Sunday, April 14, 2013

Billy Childish: Keeping It Real

Billy Childish Self Portrait

Billy Childish Is one of my favorite painters.  I first learned about his artwork watching a documentary video on Stuckism... an International art movement founded in 1999 by Billy Childish and Charles Thomson to promote figurative painting in opposition to conceptual art.  According to Wikipedia...

Billy Childish (born Steven John Hamper, 1 December 1959) is an English artist, painter, author, poet, photographer, film maker, singer and guitarist. He is known for his explicit and prolific work -- he has detailed his love life and childhood sexual abuse [...] from 1981 until 1985 Childish had a relationship with artist (Tracey Emin, and has also been associated with another British artist Stella Vine.
He is a consistent advocate for amateurism and free emotional expression. Childish co-founded the Stuckism art movement with Charles Thomson in 1999, which he left in 2001. Since then a new evaluation of Childish's standing in the art world has been under way, culminating with the publication of a critical study of Childish's working practice by the artist and writer Neal Brown, with an introduction by Peter Doig, which describes Childish as "one of the most outstanding, and often misunderstood, figures on the British art scene".

You can hear his music at 

Anyway, I visited his show at Lehman Maupin titled "Paintings That Change The Universe Like Digging In The Gutter With The Broken Lolly Stick" exhibits large paintings of delicate abstract seaside landscapes and blackened leathery fisherman on their rickety wooden boats.  His fluid, scribbling, graffiti-like brushwork combined with bursts of brilliant colors charge these pieces with a nervous psychedelic energy.  Perhaps the best way to describe these works is through analogy to music… they remind me of the back water Blues legends like Howling Wolf, Robert Johnson, and the rock group Cream.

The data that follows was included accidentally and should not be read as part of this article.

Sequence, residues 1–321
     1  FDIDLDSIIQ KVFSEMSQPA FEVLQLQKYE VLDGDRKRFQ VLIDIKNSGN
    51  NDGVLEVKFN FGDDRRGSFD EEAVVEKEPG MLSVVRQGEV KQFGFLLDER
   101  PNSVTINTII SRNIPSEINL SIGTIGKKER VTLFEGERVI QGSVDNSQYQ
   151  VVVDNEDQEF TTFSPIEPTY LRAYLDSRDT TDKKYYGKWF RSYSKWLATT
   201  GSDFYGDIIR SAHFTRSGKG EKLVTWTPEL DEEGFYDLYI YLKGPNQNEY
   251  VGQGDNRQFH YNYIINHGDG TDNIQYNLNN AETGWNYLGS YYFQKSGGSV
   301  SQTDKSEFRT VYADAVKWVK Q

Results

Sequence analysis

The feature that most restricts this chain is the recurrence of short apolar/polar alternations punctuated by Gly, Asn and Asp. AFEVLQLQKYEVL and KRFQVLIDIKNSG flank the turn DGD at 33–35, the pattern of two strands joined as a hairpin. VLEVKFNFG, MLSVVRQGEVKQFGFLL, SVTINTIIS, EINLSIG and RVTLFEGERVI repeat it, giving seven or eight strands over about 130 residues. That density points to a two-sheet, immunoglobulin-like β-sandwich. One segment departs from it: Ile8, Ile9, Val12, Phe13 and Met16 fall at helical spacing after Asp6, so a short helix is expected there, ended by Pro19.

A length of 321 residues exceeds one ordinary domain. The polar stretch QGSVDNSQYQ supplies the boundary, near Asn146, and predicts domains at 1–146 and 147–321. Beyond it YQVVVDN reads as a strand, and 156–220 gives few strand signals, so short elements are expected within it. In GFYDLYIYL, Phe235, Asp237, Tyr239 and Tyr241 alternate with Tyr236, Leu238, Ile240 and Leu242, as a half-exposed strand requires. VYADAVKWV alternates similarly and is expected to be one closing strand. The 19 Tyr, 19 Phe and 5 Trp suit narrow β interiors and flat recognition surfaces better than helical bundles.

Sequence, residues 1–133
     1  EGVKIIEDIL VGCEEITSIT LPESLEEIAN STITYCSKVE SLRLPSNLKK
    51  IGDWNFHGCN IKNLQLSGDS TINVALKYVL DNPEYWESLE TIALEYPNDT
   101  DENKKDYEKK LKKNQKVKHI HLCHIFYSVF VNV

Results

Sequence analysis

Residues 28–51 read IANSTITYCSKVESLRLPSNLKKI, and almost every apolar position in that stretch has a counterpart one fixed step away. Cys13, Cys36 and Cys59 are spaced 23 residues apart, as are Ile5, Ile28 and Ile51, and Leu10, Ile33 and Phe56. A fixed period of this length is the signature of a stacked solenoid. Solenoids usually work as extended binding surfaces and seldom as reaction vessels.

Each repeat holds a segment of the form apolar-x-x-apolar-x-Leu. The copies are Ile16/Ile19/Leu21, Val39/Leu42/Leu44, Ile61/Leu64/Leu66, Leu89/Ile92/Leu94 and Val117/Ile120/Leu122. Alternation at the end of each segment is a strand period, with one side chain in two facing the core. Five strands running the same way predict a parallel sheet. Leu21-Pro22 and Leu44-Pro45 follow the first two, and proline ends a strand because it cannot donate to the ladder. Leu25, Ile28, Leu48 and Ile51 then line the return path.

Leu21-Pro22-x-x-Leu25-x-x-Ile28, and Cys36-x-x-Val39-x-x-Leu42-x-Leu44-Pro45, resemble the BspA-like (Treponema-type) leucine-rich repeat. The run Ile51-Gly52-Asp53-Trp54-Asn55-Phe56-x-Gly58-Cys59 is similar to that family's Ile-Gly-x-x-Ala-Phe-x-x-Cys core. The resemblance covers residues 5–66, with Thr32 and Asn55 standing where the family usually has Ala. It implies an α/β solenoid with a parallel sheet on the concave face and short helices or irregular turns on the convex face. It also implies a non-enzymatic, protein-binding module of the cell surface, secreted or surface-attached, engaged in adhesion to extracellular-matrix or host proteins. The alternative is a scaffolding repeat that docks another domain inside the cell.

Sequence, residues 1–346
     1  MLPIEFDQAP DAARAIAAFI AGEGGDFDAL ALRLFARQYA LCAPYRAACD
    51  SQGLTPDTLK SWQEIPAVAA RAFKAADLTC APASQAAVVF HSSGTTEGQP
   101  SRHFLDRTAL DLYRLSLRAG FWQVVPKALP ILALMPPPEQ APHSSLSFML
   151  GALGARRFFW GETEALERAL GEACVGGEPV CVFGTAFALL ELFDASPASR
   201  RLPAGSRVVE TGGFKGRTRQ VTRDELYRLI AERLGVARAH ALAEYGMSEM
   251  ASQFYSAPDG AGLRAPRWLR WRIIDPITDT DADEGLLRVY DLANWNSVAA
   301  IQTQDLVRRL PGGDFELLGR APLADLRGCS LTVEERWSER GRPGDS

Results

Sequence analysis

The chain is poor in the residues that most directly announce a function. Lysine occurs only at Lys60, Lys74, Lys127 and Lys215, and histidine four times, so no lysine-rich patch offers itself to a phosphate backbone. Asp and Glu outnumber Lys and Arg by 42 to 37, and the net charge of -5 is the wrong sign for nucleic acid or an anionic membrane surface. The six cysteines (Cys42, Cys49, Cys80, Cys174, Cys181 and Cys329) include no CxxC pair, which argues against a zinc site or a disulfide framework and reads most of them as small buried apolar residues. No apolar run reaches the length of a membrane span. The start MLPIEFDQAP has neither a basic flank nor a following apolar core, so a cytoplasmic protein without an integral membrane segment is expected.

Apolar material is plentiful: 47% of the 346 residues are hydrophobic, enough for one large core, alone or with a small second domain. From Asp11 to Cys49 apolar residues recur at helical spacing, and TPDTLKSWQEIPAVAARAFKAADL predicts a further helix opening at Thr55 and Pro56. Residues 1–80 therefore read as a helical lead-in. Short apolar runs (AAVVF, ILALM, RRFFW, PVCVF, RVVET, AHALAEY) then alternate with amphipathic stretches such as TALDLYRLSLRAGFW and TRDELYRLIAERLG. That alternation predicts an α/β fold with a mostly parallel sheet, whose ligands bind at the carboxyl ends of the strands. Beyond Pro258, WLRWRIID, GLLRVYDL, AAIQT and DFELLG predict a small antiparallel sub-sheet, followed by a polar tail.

I agree with Billy when he says "To the ego ridden individual to become an artist or poet gives them a tin pot identity and the elevated status they crave.  Ironically picture making is undervalued. But digging in the gutter with a lollipop stick can change the universe just as well."  There is something gratifying and magical that can be experienced through the modest means of moving around dirt on the ground with a stick or moving around paint on the canvas with a brush... and that engagement with the physical world and present moment is as important as taking in breaths of fresh air.  To me Billy Childish represents those among us  who know the value and wisdom that can be discovered through the simple craft and timelessness of picture making.  I fear that young artists today going to study art will either fall into the intellectual/conceptual camp or the technical expertise camp.  While conceptual artists have been rapidly growing in numbers for some time now and traditional artists (with their emphasis on technique) have retained their status at many Universities, I hope that there is a pocket of people that can teach their students the relevance of making art in an unselfconscious and simple fashion, as Billy Childish exemplifies.  Students shouldn't be duped into thinking that the Modernist vision of self expression is done and over with.  Artists can still paint a still life according to their individual vision just as Van Gogh, Picasso, and Matisse have done one hundred years ago.  Its still fresh and invigorating, and for eternity there will be something of interest in the process of interpreting subject matter and using it as a means for self expression.

Lehman Maupin Gallery

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